Every time I go to the local grocery, the guy behind the meat counter calls me “young lady”. When I hand him my number he says, “What can I get you today, young lady?”
This makes me uncomfortable. I never say anything, I just smile and tell him what I want. But the more I hear “young lady”, the more I don’t like it. I’m 65 years old and retired. I don’t know whether to feel embarrassed or insulted. Should I feel this way? No one has called me young lady since I was a kid.
Jody, the retired “young lady”
My dear Retired Jody,
You have the right to feel embarrassed and insulted. And you don’t have to take it anymore.
When people call older people “young lady” or “young man”, they think it’s a compliment. That’s because our society believes being young is about the best thing that could happen to anybody. But not recognizing and respecting older people for who they are and what they have accomplished marginalizes them. Our culture tries to shoehorn older people into the “young” mold no matter how many years have passed since the term fit.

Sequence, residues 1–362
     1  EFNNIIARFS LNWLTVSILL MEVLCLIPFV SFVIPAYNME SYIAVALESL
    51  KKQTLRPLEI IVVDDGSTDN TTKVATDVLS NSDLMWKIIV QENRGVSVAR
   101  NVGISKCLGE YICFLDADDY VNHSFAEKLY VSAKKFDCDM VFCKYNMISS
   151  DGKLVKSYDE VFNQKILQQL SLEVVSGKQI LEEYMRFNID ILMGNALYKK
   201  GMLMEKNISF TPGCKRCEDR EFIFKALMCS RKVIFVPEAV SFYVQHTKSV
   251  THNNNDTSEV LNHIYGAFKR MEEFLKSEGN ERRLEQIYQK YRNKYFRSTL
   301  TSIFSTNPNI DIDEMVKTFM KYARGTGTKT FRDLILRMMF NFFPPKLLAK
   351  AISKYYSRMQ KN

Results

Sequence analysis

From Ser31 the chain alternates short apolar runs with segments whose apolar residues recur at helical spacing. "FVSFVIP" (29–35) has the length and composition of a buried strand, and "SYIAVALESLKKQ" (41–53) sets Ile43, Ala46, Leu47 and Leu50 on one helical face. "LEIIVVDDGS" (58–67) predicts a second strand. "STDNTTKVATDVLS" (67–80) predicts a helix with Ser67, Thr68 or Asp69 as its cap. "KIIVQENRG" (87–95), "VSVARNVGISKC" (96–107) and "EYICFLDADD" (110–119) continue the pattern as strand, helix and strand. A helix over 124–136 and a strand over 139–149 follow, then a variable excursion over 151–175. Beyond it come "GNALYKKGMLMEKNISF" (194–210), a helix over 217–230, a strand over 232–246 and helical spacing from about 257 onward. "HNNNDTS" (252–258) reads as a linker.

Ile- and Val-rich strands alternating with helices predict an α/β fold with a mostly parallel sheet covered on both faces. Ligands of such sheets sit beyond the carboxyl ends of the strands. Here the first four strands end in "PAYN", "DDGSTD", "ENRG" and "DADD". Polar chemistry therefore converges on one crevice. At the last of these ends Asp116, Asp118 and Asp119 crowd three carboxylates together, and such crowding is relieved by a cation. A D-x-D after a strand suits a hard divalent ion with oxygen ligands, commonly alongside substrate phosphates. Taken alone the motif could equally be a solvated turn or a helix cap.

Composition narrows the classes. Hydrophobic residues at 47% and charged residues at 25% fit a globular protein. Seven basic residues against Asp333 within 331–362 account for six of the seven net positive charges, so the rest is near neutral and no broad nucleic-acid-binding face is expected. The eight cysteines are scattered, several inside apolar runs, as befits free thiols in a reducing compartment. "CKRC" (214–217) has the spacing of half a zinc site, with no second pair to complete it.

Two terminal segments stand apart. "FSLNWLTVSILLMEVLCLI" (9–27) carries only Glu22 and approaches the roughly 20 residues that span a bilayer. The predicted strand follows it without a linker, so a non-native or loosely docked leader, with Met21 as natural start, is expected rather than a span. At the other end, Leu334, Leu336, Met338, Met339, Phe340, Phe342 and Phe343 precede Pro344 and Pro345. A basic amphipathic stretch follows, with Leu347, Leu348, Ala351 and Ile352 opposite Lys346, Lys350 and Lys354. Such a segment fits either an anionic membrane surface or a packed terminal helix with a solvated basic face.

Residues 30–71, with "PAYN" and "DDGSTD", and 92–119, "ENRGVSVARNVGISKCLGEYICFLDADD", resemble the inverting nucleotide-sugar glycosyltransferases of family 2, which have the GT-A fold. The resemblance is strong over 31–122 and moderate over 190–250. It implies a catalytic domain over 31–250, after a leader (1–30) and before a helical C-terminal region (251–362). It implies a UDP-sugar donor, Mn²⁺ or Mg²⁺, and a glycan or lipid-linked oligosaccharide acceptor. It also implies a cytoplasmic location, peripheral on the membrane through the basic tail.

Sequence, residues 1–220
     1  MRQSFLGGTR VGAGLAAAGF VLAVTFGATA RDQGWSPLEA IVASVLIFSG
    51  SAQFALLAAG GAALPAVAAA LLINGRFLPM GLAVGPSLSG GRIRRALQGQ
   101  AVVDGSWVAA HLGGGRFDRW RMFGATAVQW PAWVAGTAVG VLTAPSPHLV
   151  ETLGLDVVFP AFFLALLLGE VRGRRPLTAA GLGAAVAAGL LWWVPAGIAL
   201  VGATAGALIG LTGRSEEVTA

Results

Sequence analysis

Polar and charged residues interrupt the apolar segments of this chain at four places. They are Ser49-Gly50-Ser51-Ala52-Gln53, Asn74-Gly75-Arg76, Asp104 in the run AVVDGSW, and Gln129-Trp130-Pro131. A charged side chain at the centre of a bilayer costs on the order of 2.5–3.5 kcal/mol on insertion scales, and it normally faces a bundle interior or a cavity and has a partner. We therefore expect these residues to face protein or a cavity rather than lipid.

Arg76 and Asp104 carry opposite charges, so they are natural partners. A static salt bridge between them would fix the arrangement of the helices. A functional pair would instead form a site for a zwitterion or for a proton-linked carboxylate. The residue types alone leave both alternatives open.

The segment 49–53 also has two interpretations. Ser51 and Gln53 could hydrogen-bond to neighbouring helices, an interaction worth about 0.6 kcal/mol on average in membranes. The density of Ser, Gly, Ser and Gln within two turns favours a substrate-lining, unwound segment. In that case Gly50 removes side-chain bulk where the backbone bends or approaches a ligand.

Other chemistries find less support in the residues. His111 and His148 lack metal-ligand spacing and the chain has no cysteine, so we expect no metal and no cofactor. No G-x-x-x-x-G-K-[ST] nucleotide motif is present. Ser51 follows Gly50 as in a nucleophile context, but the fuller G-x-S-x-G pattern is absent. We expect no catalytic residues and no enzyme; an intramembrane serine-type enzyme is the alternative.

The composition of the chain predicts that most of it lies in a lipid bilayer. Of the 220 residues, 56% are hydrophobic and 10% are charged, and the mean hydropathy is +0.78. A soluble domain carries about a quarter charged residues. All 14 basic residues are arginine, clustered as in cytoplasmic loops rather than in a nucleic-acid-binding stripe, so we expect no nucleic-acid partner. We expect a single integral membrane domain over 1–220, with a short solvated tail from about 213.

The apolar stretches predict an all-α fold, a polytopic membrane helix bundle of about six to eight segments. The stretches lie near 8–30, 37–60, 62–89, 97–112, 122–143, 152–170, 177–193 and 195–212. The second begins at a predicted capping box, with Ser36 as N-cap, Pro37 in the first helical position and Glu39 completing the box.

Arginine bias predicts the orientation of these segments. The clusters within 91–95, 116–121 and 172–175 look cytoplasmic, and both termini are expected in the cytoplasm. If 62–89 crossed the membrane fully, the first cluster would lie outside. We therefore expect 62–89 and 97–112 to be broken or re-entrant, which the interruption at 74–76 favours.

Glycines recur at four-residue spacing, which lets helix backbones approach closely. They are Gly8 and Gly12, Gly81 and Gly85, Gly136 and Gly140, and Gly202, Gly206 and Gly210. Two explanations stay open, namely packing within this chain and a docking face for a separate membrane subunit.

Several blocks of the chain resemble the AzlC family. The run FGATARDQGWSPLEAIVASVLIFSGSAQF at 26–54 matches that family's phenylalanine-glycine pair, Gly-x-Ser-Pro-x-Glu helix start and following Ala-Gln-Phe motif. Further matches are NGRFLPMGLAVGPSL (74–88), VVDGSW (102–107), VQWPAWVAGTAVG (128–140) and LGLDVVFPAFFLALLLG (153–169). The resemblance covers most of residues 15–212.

The next time your butcher is inclined to be patronizing, I suggest you call him on it. Instead of just smiling, you can smile and say, “I’m not a young lady, I’m actually retired and 65 years old. And by the way, right now is the best time of my life!” Then ask for two nice lamb chops.
Who wants to be thought of as inexperienced and naïve? That’s what people are implying when they call you, or anyone who is older, young. You’re an elder and at the peak of human development. Let them chew on that for a while.
And if your butcher won’t change his ageist ways? It’s time to find a new butcher or eat more vegetables.